This next title could be perceived as a sequel, as it mentions multiple characters from past Kid Icarus games, but I see it as a reboot, as Kid Icarus: Uprising is so far removed from its predecessors. Offering two types of gameplay: on-rails levels similar to that of the Star Fox series, though much more crazy, and ground combat and exploration, Uprising was a massive adventure full of high octane action, hilarious and self-aware dialogue, and amazing presentation in its visuals, story elements, and orchestral music. Uprising was like most of Masahiro Sakurai's creations, as it had lots of longevity and replay value, whether it was gaining new weapons and abilities, completing all of the in-game challenges for rewards, or battling it out online. Kid Icarus: Uprising is a personal favorite reboot of mine, making it one of the best Nintendo 3DS games in my opinion.
4) Killer Instinct (XONE, PC)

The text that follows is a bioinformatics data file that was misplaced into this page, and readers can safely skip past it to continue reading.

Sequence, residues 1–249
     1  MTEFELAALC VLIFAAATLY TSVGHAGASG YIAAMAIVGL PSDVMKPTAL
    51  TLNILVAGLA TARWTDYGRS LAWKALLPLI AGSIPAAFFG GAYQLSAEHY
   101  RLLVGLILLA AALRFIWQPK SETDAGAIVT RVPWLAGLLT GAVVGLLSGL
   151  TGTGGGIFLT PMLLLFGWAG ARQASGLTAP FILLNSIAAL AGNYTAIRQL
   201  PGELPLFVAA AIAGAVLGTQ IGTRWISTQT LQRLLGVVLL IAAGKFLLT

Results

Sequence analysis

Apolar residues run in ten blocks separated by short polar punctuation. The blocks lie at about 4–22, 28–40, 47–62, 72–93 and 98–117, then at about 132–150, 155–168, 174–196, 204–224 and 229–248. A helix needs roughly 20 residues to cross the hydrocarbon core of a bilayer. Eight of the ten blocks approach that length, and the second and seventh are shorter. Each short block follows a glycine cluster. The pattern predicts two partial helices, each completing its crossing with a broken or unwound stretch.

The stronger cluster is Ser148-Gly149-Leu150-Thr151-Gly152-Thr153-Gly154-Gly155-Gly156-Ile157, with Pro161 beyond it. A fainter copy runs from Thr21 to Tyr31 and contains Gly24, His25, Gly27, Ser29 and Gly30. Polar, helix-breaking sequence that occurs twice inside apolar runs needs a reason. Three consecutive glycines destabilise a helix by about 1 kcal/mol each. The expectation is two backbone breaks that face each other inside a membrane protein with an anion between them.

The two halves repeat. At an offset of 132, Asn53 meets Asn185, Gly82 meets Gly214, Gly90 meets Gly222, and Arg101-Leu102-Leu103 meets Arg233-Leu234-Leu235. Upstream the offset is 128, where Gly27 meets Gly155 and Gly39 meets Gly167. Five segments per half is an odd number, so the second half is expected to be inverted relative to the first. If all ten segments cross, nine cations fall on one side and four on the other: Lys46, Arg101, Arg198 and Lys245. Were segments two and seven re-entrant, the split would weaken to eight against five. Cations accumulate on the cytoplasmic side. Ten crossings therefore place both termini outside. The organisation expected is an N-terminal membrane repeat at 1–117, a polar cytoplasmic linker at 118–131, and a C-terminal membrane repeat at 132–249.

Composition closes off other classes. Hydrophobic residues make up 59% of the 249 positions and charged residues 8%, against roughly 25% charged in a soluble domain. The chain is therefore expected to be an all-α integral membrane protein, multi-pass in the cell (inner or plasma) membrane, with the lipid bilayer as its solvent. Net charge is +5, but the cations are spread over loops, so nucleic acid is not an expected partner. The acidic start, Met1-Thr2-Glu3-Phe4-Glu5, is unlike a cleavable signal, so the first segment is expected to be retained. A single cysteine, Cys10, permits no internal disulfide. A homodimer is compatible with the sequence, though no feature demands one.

When Microsoft purchased Rare after Nintendo declined to buy up the owners' remaining shares of the company, many were quite excited to see how Microsoft would put Rare's many awesome franchises to use. To say that Microsoft has failed to capitalize as much as they could on Rare would be an understatement. However, with the 2013 launch title for the Xbox One, Killer Instinct, one of Rare's most beloved franchises is back and better than ever. Released in season format, Killer Instinct retained a lot from the Super Nintendo and arcade predecessors, but added enough to make for a fresh fighting game experience. The battle system is tremendous, still offering the fantastic combo-based action the series was known for. With its release on Windows 10, Killer Instinct now has an even bigger, deserved audience to sink their teeth into this fabulous fighter.
3) Mortal Kombat (PS3, 360, PC, Vita)